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The last question in our survey asked readers to rate which of five technologies—wireless, nano-technology, alternative energy sources, increased computing speed and power and Internet-based monitoring and control—would change the automation landscape the most. Wireless and Internet-based monitoring and control were in a statistical dead heat, at 43.2% and 42.6%, respectively.
Larry Wells says they will all matter to one degree or another. “Each will change it in a different way. Wireless will make things cheaper. We’ll get more information at a lower cost. Nano-tech could change the whole world if it lives up to its advertisement, but it’s still very far in the future. Alternative energy will not change automation tech, but will create more job opportunities. The computer speed thing will change the landscape the least. We have Internet-based monitoring and control now. It will change the location of where we do some things, but won’t change what we do. No one thing will supersede or preclude the others.”
Will the changing nature of the job cause automation engineers to morph into corporate drones, albeit ones with a better grasp of physics and chemistry than the average bear? Will the emphasis on “soft skills” and being “generalists” turn them into the English majors of technology−nice people, no doubt, but not really experts in anything? Should they just pack it in and get their MBAs instead?
The majority of those surveyed would answer a resounding, “No!” But the question is why.
Perhaps it has to do with Larry Wells’ elephant story. This is the one where the man pays a hunter with a big gun to keep the elephants away from his store. When it is pointed out to him that there are no elephants in the country outside the zoo, he says, “See. It’s working.”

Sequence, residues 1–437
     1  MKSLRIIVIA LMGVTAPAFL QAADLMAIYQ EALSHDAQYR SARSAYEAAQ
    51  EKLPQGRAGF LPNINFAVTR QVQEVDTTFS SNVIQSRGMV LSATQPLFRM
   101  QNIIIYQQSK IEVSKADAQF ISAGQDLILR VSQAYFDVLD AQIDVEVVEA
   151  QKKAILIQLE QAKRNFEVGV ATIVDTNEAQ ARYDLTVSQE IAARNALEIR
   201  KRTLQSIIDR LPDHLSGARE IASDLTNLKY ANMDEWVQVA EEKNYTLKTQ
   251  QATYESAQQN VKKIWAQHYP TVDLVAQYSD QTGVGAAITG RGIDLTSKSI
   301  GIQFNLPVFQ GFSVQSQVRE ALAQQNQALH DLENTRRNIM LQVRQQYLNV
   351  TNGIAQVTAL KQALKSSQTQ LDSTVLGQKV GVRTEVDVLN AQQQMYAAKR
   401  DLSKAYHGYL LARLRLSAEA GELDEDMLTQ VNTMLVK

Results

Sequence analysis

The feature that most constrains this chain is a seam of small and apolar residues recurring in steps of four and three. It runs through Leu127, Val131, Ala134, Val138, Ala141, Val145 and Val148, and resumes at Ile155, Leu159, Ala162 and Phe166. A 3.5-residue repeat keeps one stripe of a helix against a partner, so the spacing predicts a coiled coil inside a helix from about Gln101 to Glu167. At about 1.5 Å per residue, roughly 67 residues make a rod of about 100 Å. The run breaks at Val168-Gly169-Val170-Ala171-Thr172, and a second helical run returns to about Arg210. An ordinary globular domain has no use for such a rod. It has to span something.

“I use that story to explain why we spend money on automation engineers,” says Wells. “Why are we paying these people when the system is working on its own? It’s working on its own because you had the people there. It’s keeping away the elephants.”
Novapharm’s Mark Wells has a slightly more romantic take on the profession. He says, “I work with Nels Tyring, and he says, you don’t go into this for the money, but because it’s a really interesting career. Monetary rewards are great, but you have to love your job. There are the intellectual rewards. You get some interaction with things that move and go. You get varied projects. There’s a great satisfaction in performing these jobs, and a great sense of accomplishment.”
For the complete results of our survey, go to www.controlglobal.com/futuresurvey.html.
For a look at how women in the engineering workplace may change it see “Work/Life Balance from our June.
ControlGlobal.com is exclusively dedicated to the global process automation market. We report on developing industry trends, illustrate successful industry applications, and update the basic skills and knowledge base that provide the profession's foundation.